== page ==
In order to discourage people from buying speakers that work best with solid state amps the tube people invent negative ideas about them to make them seem unattractive. For example "needing a lot of power" what is a lot of power? 50W is not a lot of power in the solid state world but it is in tube world. 50W is all it takes to make Harbeths go really loud in my living room. In fact 20W is plenty most of the time. So "a lot of power" is only a lot in tube land not solid state land.

    "Harbeths don't do well with tube amps" could mean a lot of things. First it is not true. The mutliple posts here reveal that many people are very happy with the combination of Harbeth and tube. Possibly the most useful thing that could be meant is to note that Harbeths, being intended for use with solid state amps, are average efficiency. In other words if you only have 9Watts from your tube amp your Harbeths are never going to be loud enough. But the same would be true of all 85dB efficient speakers, not just Harbeths.

    Does that help?

    Ted LS5/12A and M30

  13. #93
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    Default The truth. Harbeth: S/S or tube friendly?

    Quote Originally Posted by Ted Rook
    "Harbeths are intended to be driven using solid state amps which typically have very low output impedance (between 0.1 Ohm and 0.01 Ohm approx) and most users probably do use solid state, especially the professional users like the BBC who would not consider tube amplification to be satisfactory.

    Most tube amplifiers have a high output impedance, typically several Ohms or more. T ...

    "Harbeths don't do well with tube amps" could mean a lot of things. First it is not true. The multiple posts here reveal that many people are very happy with the combination of Harbeth and tube....
    First: I'm intrigued that tube amps has a high output impedance, which I assume is due to the windings of the output transformer? I'd be very interested to know if this is the general picture ...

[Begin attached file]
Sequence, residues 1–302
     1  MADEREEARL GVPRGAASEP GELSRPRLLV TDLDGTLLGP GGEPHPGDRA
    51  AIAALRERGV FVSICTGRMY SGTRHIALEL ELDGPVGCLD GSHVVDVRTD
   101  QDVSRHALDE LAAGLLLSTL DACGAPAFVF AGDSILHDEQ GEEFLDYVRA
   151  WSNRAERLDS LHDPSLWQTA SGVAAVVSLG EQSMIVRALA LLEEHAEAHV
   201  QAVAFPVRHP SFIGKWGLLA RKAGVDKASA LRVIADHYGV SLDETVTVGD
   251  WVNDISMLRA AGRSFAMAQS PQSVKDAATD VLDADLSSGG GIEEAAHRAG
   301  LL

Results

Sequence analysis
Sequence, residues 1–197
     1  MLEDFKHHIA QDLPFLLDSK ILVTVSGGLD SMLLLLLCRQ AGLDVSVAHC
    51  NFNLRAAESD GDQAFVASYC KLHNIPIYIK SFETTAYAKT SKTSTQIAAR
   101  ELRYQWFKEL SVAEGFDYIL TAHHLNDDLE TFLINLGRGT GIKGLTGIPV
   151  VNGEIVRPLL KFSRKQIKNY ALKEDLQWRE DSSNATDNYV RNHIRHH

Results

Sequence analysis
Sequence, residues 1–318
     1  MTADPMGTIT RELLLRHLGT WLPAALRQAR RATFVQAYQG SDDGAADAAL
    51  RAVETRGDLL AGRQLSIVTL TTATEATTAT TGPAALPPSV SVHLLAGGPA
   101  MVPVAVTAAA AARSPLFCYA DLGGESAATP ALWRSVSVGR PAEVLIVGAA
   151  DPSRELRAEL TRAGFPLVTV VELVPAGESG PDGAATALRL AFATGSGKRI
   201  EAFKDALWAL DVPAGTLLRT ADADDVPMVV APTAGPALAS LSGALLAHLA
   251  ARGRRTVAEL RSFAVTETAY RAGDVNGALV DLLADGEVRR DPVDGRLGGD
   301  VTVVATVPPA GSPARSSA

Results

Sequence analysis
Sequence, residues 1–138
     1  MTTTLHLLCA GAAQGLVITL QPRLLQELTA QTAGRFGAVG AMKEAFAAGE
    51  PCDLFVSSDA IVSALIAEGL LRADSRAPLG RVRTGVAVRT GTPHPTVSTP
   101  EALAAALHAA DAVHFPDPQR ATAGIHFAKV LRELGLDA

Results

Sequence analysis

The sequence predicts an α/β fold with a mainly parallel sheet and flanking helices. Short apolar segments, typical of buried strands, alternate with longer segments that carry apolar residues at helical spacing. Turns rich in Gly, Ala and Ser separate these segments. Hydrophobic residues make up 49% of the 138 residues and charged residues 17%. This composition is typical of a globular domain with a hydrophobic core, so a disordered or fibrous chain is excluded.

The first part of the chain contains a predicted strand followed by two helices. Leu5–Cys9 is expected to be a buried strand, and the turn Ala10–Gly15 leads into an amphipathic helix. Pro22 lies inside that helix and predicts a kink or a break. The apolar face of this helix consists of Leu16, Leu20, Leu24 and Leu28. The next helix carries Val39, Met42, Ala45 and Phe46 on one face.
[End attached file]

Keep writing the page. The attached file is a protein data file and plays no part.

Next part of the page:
Second: It's complete rubbish to believe that a) Harbeths are difficult to drive b) Harbeths are designed only for solid state amps c) Harbeths are not tube-friendly. All twaddle.

    It is true that for the reasons I have consistently explained over the years, I do not personally use tube amps. I would welcome one, certainly at home, but I am obliged to use an amplifier that is maintenance-free and is just about guaranteed to perform the same across my entire working career. That seems to favour solid state. But I know from years of visiting shows and talking with customers that many Harbeths are paired with tubes - and excellent they sound too.

    I keep a very careful eye on the electrical load that a Harbeth system presents to the amplifier during the design process. Many times I have rejected an otherwise excellent crossover network in favour of one presenting an easier load; hence the design time is greatly extended - perhaps by three times. It's very frustrating to abandon a circuit design that you've put many hours into solely because of the load implications, but its ultimately better than having customers on the phone all day seeking advice about amp/speaker recommendations - as if I was personally acquainted with every amp under the sun!

    Other speaker designers may be less troubled by the 'universality' of their speaker load, but for me it is right at the top of the designers spec sheet. It has to be.

    Overview of amps and power here: http://www.harbeth.co.uk/usergroup/showthread.php?t=41
    Last edited by A.S.; 08-04-2006 at 09:18 AM.
    Alan A. Shaw
    Designer, owner
    Harbeth Audio UK

  14. #94
    sevodude Guest

    Default

    I think that perhaps one way to think of it is that normal cabling just add a lot of impurities or coloration, such that in the presence of a really good and pure conductor, you get to hear the sound as it is. So it doesn't really add, but rather, a good cable subtract less?
    But sometimes coloration can be pleasing. Think about tubes, and we know that certain sonic characteristics like warmth and musicality has less to do with accuracy then euphony.

  15. #95
    Ted Rook Guest

    Default amplifier choices

    I hope it was apparent in my post above that the negative material was quoted from other people's posts and that I was replying in defence of Harbeth. there is something about the construction of Alan's response which leads me to believe the quotes I made from others should have been more clearly identified as such. No big deal.